Maurus Scott, Catholic martyr, and his biographer, Johannes Rubeus.
I am still gathering information on the Blessed Maurus (vere William) Scott and his biographer, Johannes Rubeus, also known as John Wilfrid Selby. Died at Tyburn, England, in 1612; beatified in 1929. Scott was born in Essex and studied law at Trinity Hall, Cambridge. He was converted to the truths of Catholicism by reading Catholic literature, and received into the Catholic Church by Saint John Roberts (also a convert to Catholicism), who sent him to the Benedictine Abbey of Sahagun, Spain. He was received into the Benedictine order in 1604, and returned to England as a missionary in 1610, having also spent time at St. Gregory's in Douai. John Roberts was hanged, drawn and quartered at Tyburn that same year, an event which Scott apparently witnessed. Two years later, on May 30th, 1612, he too was martyred for his priesthood at Tyburn, along with Richard Smith (vere Newport), ordinated in Rome in 1597. He was beatified in 1629.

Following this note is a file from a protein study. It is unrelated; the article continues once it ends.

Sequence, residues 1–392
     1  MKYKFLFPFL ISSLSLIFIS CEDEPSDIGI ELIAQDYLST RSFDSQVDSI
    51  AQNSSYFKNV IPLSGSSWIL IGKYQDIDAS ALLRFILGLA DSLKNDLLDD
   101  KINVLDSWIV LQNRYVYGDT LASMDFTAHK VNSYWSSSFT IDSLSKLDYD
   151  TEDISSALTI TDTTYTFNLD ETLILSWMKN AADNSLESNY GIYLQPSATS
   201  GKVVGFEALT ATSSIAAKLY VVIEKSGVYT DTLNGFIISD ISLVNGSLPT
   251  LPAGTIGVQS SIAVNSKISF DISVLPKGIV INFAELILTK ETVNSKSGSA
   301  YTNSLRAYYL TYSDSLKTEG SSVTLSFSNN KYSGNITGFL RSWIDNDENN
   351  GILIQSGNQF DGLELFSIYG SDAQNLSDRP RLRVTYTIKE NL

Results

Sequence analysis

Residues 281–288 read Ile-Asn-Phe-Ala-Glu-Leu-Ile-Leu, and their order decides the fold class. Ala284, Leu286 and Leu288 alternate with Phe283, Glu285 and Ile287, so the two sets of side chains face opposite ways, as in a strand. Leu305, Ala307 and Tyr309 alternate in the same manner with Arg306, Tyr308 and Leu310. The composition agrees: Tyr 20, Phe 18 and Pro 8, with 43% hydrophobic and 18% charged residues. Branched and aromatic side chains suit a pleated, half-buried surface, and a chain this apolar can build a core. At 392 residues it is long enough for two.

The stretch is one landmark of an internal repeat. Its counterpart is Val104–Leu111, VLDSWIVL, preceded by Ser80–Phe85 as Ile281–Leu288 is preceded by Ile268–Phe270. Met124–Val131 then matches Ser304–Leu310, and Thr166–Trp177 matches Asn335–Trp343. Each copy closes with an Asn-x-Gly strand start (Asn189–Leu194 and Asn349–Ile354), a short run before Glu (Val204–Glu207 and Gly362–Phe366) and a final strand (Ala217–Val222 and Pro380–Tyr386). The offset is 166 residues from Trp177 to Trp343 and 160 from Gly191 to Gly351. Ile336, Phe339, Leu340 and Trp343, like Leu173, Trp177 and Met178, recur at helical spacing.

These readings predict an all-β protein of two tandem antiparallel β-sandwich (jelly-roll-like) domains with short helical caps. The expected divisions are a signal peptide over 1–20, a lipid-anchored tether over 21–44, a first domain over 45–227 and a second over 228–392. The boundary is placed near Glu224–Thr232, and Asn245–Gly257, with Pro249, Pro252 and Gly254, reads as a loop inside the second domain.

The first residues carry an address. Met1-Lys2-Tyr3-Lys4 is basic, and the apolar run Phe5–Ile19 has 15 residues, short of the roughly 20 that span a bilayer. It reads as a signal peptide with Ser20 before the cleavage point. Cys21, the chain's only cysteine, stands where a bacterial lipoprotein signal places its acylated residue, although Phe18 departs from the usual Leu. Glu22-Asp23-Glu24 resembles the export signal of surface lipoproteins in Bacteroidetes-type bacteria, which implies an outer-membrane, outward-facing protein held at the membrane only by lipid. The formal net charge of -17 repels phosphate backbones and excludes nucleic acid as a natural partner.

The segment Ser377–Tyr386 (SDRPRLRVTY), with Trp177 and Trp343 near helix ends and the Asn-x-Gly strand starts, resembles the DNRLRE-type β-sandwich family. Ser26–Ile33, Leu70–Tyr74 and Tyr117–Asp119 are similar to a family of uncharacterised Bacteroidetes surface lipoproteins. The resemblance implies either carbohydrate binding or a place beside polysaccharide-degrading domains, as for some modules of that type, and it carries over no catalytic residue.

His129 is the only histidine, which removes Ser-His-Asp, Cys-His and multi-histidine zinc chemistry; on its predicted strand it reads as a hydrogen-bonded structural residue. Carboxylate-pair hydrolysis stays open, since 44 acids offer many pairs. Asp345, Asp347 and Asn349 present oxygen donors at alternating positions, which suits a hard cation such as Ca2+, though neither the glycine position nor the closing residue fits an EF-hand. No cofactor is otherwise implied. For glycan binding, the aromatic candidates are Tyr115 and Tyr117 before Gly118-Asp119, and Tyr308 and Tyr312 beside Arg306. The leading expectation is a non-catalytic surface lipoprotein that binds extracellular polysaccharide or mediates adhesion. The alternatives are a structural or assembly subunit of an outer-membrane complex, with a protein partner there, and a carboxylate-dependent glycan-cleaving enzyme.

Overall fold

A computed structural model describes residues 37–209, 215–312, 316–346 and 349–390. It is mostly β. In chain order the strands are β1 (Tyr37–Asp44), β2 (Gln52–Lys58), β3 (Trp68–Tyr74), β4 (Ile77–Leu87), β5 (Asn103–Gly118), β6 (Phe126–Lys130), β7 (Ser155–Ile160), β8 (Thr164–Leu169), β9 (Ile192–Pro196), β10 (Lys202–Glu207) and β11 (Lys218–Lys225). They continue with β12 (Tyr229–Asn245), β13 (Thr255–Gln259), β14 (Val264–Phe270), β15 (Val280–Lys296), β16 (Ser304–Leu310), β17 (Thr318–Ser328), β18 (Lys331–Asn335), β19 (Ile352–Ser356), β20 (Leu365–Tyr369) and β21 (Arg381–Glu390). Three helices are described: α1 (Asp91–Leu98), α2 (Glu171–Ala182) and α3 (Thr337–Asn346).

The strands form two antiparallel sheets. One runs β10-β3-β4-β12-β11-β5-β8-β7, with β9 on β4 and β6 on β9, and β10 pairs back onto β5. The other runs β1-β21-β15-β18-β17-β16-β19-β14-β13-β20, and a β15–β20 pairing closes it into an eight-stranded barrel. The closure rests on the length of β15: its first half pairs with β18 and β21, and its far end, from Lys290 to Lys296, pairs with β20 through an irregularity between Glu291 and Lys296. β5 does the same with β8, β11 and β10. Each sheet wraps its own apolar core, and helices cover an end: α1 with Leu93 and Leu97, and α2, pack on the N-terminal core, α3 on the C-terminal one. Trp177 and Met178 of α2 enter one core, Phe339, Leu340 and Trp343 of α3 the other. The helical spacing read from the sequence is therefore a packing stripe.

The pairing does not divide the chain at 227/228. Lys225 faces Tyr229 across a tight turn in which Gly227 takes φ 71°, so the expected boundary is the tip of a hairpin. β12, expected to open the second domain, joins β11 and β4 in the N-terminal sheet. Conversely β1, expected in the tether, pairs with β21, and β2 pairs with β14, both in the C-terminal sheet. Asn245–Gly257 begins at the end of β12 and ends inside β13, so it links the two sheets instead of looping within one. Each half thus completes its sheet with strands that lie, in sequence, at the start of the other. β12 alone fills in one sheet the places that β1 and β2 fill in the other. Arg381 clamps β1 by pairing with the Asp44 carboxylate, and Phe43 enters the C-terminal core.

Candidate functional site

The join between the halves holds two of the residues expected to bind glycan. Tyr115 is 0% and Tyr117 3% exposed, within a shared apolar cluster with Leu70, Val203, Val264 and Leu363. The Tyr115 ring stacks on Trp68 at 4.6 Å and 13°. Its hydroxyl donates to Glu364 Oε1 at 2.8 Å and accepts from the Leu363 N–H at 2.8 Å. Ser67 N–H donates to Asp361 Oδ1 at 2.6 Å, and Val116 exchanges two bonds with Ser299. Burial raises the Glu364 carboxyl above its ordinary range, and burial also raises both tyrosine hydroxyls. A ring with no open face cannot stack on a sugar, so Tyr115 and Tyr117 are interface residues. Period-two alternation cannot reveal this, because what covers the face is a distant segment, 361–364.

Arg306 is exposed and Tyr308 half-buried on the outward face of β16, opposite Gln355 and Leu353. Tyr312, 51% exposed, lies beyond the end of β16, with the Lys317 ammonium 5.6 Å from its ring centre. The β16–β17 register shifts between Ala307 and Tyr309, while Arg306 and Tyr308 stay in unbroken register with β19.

Scott is commemorated in the coat of arms of Ealing Abbey, which includes a cinquefoil from the arms of Abbot de Cavarel, with ermine spots representing the five members of St Gregory's who were martyred at Tyburn - George Gervase, Maurus Scott, Philip Powell and Thomas Pickering (all "Blessed"), and John Roberts, who was sainted.
About Iohannes Rubeus I know only that he became Abbot of the Benedictine community of Lamspring, in Westphalia, in succession to Dom Clement Reyner, to whom the following book is dedicated.
Narratio Mortis in Odium Fidei Londini in Anglia illatae R.A.P. Mauro Scotto, Ordinis S. Benedicti Monacho Anglo, Monasterij S. Benedicti de Sahagun in Hispania, &c. Descripta a P. Ioanne Rubeo, Congregationis Angliae eiusdem Ordinis Monacho. Ad Illustmum. et Revermum.: D. Raynuntium Scottum. (Romae, Typis Iacobi Dragondelli, MXCLVII. Superiorum Permissu.) A very good copy of a scarce work. I have not deciphered the writing or identified the plate pasted on the title page; the front pastedown says the book is the "Harmsworth copy", which I assume to be a reference to Sir Leicester Harmsworth, the 19th century book-collector.